Did you ever realize that you are born with a voice, but you need to learn words in order to control it? I didn’t. In fact I didn’t even realize that I needed to use and bend and manipulate these words to use my voice and make it be heard. I also didn’t realize the power that would come from that. I didn’t realize it could be addicting.
Growing up as the baby of the family- I had this fear of speaking up. Of saying something that was irrelevant, a waste of time, space and breath. But as a Political Science Major, I am learning that there is so much that needs to be said. We live in a political environment. Whether you love or hate it, it is unavoidable. As a congressional intern in Washington DC this summer, I learned how to apply my enjoyment of learning new things, especially information about policies, to my writing. The combination of developing this love of manipulating words and learning that there is so much information to be shared with people, writing has given me the strength to speak up, the strength to use my voice, fearlessly and constantly, to communicate with others.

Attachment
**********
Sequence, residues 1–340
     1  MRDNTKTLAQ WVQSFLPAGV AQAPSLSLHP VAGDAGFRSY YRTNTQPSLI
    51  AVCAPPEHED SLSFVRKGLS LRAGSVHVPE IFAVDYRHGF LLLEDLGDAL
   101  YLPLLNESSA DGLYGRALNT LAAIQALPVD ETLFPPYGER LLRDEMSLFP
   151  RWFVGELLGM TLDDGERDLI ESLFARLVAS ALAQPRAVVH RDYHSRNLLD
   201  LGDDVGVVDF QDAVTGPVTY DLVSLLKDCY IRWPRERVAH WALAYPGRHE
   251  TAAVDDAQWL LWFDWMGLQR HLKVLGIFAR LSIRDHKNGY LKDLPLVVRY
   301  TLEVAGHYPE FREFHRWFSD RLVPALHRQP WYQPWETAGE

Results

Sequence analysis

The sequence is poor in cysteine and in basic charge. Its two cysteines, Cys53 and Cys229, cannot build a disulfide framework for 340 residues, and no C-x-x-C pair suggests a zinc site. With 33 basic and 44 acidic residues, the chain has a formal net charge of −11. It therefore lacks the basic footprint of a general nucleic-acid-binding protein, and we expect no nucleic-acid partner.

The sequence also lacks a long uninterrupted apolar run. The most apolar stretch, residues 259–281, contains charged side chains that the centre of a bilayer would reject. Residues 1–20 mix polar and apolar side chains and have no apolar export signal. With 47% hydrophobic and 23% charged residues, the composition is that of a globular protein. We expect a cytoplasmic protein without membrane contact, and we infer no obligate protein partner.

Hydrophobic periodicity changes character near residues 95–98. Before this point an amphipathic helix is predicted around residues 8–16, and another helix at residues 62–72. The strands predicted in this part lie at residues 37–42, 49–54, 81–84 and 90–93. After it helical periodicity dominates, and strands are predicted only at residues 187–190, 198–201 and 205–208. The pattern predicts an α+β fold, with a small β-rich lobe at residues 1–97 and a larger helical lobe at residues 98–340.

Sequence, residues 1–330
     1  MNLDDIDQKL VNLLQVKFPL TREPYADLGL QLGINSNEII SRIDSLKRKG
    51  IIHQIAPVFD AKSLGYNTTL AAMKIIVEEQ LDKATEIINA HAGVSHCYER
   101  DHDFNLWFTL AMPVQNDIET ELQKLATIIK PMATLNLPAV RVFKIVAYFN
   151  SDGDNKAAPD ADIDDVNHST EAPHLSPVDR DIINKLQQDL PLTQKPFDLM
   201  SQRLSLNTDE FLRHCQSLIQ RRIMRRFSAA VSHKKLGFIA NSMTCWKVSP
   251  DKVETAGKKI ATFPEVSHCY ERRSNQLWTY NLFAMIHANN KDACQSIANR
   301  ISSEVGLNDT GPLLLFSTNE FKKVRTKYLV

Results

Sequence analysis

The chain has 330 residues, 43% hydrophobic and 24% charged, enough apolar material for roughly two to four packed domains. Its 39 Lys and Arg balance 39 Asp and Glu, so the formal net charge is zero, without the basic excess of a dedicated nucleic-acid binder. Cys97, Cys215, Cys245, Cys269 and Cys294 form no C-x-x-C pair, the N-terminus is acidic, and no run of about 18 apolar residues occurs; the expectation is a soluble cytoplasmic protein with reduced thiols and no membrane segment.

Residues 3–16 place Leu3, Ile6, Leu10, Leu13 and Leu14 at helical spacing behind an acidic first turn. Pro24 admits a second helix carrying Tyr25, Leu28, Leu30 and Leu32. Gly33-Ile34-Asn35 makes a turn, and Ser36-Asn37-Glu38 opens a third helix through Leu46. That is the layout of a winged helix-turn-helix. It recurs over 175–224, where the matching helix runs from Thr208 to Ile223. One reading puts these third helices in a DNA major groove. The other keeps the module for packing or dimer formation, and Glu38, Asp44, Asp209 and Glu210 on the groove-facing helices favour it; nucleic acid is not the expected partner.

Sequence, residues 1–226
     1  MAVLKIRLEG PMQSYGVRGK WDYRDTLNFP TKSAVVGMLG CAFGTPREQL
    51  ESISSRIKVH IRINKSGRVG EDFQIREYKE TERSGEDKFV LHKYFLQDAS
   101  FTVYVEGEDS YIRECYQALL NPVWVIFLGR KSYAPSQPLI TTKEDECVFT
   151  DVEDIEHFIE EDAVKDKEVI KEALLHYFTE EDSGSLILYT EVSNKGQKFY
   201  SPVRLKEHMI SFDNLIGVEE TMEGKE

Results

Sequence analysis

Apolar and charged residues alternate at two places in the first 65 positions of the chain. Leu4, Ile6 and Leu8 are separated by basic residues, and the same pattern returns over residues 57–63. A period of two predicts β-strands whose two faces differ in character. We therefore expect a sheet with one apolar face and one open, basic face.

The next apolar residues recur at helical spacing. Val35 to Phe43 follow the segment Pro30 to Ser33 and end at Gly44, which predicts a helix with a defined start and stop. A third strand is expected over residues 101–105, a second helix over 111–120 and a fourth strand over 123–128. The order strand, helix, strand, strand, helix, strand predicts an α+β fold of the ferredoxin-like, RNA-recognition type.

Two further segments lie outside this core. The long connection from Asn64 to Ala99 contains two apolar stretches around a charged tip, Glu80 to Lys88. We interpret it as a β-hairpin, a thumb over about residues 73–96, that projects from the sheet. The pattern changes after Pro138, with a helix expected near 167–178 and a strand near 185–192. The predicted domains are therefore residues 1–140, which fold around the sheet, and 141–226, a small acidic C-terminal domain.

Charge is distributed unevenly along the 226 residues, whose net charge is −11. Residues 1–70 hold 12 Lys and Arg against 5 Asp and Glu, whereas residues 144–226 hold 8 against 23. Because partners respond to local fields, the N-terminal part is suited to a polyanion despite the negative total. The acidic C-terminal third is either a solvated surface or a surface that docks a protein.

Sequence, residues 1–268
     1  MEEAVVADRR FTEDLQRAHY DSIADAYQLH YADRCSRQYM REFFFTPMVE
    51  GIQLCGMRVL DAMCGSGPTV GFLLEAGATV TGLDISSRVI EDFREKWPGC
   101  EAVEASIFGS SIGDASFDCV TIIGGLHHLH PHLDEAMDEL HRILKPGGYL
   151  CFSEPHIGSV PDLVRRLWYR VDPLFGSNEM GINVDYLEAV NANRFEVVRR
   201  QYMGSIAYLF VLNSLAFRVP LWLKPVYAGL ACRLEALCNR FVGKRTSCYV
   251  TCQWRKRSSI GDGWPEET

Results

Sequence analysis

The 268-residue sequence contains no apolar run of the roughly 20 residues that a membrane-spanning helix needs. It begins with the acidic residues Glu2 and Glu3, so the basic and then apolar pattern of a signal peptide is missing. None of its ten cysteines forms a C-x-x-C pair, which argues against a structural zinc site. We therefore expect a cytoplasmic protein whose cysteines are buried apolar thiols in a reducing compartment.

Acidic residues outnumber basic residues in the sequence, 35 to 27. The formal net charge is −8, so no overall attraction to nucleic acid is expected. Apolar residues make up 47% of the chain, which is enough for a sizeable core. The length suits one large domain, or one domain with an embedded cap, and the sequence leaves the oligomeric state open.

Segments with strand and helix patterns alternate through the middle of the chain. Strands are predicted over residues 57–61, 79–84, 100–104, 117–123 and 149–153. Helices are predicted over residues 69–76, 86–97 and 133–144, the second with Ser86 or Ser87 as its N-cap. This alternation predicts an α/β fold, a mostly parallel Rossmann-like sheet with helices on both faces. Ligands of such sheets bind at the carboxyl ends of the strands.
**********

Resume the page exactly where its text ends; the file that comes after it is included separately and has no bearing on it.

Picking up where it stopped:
I’m learning to love to write. The ability to take a complicated issue like teaching about gender and creating a platform for discussion that took days of manipulating and bending of words to give off the right tone and prompt the right message. Feeling the power of helping others understand things has also helped me to understand the cathartic aspect of writing. Words can be so powerful when they can connect two strangers over the most personal of moments put down on paper. In my Why I Write piece, I speak about this deep connection that others can feel from my writing. That what I have to say can matter because it can formulate a relationship outside of everyday conversation and interaction.
My writing, this portfolio, what I am sharing is special. It is my some of my deepest thoughts, my political knowledge but also the sharing of the journey I am on of overcoming the fear of my own voice. Some may say having a voice is easy- speak up for what you want, say how you feel but I don’t believe that is the only way to use your voice. I think we are given a great deal of tools to make our voice worth hearing, to making our voices worth standing out and I’m just in the process of figuring out how to say it.